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Creator:
Cooper-Hewitt, National Design Museum  Search this
Type:
Blog posts
Smithsonian staff publications
Blog posts
Published Date:
Mon, 06 Jun 2016 13:00:28 +0000
Blog Post Category:
Object of the Day
costume
women's fashion
floral design
Symbolism
Description:
<img width="640" height="525" src="http://www.cooperhewitt.org/wp-content/uploads/2016/06/CHSDM-1941-31-31MattFlynn-700x574.jpg" class="attachment-large size-large wp-post-image" alt="Skirt, 19th century, China, silk satin, embroidered with silk, Gift of the Estate of Mrs. Robert H. Patterson, 1941-31-31" style="display: block; margin-bottom: 5px; clear:both;" srcset="http://uh8yh30l48rpize52xh0q1o6i.wpengine.netdna-cdn.com/wp-content/uploads/2016/06/CHSDM-1941-31-31MattFlynn-300x246.jpg 300w, http://uh8yh30l48rpize52xh0q1o6i.wpengine.netdna-cdn.com/wp-content/uploads/2016/06/CHSDM-1941-31-31MattFlynn-700x574.jpg 700w" sizes="(max-width: 640px) 100vw, 640px" />Chinese skirt styles are often called aprons and are typically comprised of two identical sections, each with a decorated panel, a side panel and a pleated or gored panel. They were worn overlapping, wrapped around the body and secured through fabric loops and knotted buttons. The sections were attached to a wide waistband, usually made...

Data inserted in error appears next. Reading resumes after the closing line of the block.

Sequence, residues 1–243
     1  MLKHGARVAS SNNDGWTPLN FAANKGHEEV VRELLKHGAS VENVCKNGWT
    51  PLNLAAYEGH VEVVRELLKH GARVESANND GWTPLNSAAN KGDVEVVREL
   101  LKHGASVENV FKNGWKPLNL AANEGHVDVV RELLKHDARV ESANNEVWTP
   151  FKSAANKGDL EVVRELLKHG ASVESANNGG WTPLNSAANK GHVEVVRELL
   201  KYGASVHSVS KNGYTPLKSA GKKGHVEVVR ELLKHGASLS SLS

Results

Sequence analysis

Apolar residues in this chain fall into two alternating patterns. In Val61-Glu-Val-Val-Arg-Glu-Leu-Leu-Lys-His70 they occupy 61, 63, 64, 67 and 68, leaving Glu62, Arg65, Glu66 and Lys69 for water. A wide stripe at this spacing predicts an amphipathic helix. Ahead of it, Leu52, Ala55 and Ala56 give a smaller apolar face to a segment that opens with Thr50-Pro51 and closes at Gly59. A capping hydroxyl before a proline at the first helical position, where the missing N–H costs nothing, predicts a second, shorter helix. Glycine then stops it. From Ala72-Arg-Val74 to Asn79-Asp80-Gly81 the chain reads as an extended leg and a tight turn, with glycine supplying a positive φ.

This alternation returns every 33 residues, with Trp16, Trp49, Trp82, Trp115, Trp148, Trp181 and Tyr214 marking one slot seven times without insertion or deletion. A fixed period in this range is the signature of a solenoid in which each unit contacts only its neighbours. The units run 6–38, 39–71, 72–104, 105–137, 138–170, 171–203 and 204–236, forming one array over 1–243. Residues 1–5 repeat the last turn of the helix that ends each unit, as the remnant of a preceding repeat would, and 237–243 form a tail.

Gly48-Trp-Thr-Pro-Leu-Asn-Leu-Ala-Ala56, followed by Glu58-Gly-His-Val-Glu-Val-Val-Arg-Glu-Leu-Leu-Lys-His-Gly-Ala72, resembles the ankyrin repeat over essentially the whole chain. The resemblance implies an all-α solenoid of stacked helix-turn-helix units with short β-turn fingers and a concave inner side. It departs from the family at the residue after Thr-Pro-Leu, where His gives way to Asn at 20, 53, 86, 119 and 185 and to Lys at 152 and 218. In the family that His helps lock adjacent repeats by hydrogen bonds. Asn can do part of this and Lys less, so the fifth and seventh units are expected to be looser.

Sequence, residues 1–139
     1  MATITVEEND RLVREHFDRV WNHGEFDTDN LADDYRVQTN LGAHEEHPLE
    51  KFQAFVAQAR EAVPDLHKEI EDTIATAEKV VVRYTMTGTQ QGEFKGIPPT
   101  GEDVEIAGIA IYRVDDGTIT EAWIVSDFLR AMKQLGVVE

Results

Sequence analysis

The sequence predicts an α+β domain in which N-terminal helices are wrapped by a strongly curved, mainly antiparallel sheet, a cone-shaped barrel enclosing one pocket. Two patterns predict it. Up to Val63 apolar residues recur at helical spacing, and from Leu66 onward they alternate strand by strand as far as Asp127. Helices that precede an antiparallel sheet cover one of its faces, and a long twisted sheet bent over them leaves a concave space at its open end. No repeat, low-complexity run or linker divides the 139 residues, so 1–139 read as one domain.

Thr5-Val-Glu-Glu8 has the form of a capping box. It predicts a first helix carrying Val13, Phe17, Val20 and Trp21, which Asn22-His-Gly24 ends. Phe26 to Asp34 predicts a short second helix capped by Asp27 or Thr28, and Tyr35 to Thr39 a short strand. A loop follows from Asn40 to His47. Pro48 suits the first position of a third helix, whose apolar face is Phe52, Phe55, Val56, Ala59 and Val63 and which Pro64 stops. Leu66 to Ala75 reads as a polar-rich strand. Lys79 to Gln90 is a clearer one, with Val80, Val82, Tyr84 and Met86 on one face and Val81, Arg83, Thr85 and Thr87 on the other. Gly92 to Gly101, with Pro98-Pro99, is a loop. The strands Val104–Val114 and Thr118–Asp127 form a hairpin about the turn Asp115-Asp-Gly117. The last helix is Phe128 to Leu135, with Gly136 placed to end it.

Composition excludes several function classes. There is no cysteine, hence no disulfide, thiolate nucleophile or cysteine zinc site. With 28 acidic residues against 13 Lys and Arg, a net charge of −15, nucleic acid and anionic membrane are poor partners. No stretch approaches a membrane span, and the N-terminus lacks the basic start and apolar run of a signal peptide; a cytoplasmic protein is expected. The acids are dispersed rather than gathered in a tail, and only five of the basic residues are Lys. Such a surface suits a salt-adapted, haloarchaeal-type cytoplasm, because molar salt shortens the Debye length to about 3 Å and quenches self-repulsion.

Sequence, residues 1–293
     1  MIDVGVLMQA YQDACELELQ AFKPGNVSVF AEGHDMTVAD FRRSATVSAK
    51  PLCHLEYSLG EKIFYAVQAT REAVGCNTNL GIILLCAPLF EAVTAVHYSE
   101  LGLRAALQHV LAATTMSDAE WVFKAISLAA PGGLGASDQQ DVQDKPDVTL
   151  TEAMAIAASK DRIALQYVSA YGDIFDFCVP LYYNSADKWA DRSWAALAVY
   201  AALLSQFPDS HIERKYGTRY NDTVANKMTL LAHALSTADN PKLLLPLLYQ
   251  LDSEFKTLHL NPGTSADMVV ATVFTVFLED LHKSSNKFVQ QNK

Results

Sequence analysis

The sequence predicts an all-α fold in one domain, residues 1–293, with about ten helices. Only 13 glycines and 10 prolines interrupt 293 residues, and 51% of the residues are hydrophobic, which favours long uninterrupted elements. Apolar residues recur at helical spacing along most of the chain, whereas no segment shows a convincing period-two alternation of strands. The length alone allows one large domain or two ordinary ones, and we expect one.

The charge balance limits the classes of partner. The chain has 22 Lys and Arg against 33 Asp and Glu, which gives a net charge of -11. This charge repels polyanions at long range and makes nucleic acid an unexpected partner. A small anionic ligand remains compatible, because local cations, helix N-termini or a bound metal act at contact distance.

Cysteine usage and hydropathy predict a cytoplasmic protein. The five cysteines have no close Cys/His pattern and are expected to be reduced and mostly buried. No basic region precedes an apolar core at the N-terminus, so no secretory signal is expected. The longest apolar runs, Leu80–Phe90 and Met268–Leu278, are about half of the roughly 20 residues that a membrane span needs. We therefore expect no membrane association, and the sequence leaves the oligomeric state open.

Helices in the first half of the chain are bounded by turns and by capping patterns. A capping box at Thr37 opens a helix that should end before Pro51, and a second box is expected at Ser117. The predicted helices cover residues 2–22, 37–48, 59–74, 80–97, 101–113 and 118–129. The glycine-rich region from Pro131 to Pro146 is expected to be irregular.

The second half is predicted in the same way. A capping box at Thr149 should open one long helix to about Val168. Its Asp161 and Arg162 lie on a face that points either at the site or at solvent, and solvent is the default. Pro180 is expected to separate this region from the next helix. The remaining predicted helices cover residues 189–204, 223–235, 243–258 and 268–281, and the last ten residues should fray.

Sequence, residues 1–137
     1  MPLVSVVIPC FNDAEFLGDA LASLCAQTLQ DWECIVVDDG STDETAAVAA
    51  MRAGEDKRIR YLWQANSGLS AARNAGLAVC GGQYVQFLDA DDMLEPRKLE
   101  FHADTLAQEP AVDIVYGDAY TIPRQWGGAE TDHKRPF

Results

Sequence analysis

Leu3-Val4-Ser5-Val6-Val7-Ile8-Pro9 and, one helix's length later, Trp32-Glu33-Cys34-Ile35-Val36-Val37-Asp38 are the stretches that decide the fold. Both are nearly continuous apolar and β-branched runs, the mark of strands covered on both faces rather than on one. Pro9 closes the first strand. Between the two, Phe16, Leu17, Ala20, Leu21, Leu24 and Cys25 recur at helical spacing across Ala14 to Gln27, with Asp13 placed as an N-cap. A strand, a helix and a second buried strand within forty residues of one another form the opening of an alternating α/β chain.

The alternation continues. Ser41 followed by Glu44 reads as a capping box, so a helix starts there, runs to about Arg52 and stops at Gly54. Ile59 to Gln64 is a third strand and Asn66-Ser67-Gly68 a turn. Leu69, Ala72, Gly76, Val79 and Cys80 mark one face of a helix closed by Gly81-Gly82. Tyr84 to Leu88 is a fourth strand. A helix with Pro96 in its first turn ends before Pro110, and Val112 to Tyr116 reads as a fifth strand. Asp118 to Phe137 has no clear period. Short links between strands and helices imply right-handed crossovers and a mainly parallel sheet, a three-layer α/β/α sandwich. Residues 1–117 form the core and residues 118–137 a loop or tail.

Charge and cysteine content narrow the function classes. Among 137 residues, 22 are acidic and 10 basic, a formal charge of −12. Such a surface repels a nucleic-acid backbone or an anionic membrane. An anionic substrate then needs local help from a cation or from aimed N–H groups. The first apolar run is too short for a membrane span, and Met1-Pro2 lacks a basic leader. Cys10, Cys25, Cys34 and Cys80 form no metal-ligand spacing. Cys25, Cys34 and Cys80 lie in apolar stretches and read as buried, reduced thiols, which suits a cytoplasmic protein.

Topic:
Design  Search this
See more posts:
Cooper Hewitt, Smithsonian Design Museum
Data Source:
Cooper-Hewitt, National Design Museum
EDAN-URL:
edanmdm:posts_4aa58234bc76fa164e44486da834ae43